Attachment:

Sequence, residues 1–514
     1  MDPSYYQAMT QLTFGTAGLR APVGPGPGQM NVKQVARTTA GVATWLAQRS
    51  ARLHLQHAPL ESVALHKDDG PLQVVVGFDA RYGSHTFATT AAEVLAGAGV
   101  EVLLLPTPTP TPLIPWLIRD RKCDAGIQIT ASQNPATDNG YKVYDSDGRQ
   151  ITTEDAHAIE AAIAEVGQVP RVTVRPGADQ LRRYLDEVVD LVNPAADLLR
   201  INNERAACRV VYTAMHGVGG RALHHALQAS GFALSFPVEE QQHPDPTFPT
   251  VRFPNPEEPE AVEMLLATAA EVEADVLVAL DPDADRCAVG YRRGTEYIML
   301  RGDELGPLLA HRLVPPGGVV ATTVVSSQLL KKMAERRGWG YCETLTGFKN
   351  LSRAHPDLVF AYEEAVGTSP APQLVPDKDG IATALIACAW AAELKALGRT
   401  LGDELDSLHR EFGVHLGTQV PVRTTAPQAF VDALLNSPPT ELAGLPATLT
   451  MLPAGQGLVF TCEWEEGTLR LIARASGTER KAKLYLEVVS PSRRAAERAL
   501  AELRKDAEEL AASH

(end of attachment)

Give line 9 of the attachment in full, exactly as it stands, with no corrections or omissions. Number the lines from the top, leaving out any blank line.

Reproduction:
   351  LSRAHPDLVF AYEEAVGTSP APQLVPDKDG IATALIACAW AAELKALGRT